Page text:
In this 3-part Article, we present the reader with the basic differences between EB-2 Visas (Part I); EB-3 Visas (Part II) and EB-5 Visas (Part III). By: Lazaro J. Mur, Esq. – AV Preeminent Rating / Founder, The Mur Law Firm, P.A.
INTRODUCTION: Differences Between EB2 and EB3
In a green card case based on a labor certification, there are two possible category options: EB2 and EB3. The difference between these two preference categories impacts the timing of eligibility for filing an application to adjust status (I-485), one’s eligibility for approval of the I-485, and the resulting grant of permanent residence.
Preference Classification Determined by USCIS at I-140 Stage
The first stage is the filing of the PERM labor certification (PERM LC). This application is filed with the U.S. Department of Labor (DOL). The contents of the PERM LC determine the appropriate EB category. However, the selection and assignment of a preference classification occurs during the second stage, which is the I-140 immigrant petition. The I-140 is filed with the U.S. Citizenship and Immigration Services (USCIS).
In the PERM LC, the employer states appropriate minimum job requirements in terms of education and experience. The sponsored individual must be able to demonstrate that he/she possesses the required education and experience as of the date the PERM LC is filed. The education and experience requirements dictate the EB category of the case during the I-140 stage. The employer requests the EB category in the I-140 petition, based upon the PERM LC. The USCIS makes the final determination of whether the case fits within the requested category during adjudication of the I-140 petition.
EB2 Requirements and Determination Criteria
The adjudicator determines the I-140’s preference classification, following the legal guidelines for each category. The EB2 classification is for those positions offered to individuals who are members of the professions holding advanced degrees.
EB2 Based on Master’s Degree or Equivalent
There are several possible ways for a sponsored individual to qualify for EB2. Most commonly, it requires a showing that the employer needs an individual with an advanced degree in the position and that the sponsored worker has that degree. The qualifying degree may be an advanced degree (master’s or doctorate) earned in the United States or its foreign equivalent.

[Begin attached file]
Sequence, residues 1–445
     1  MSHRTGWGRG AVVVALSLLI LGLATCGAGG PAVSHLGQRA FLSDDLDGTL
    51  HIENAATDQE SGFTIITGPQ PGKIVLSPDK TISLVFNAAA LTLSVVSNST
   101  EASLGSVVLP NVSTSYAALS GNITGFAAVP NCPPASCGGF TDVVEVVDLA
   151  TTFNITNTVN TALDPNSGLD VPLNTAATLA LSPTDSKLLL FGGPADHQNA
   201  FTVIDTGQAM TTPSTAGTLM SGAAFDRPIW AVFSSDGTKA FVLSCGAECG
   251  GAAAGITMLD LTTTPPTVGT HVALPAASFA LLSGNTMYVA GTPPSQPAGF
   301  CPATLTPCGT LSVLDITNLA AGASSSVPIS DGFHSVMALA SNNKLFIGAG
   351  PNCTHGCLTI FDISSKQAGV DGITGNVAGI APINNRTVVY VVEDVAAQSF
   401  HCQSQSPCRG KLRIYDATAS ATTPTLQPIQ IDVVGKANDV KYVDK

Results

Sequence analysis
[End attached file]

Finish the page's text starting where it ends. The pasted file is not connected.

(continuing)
EB2 Based on BS Degree Equivalent Plus 5 Year Experience
Alternatively, EB2 qualification includes a position requiring a U.S. bachelor’s degree or its foreign equivalent and five years of progressive (i.e. post-baccalaureate) experience. For cases filed on this basis, these requirements must be met in order for the USCIS to assign the EB2 classification to the petition. Thus, if an individual knows the requirements for the position, as stated in the PERM LC, indicating the case category.
EB2 Based on Exceptional Ability
EB2 is also appropriate for those with exceptional ability in the sciences, arts, or business, who will substantially benefit the national economy, cultural or educational interests, or welfare of the United States.
Having discussed EB-2 Visas in Part I, it is important to note at this time that the primary difference between the EB-5 Visa and the EB-2 and EB-3 Visas is that the EB-5 Visa is based upon the investment of the applicant creating jobs, whereas the EB-2 and EB-3 Visas are based upon the applicant being sponsored to work by a U.S. employer. Differences exist between these three categories, including the qualifications of the applicant and visa availability based on country of chargeability.
EB3 Requirements and Determination Criteria
The EB3 classification incorporates skilled workers and professionals. In addition, EB3 has a subcategory of other workers. Although all three of these types are assigned to the EB3 classification, typically, those filed as EB3 other workers are subject to an even longer wait for their priority dates to become current.
EB3 for Skilled Workers
The skilled workers classification is for individuals with at least two years training or experience not of a temporary or seasonal nature.
EB3 for Professionals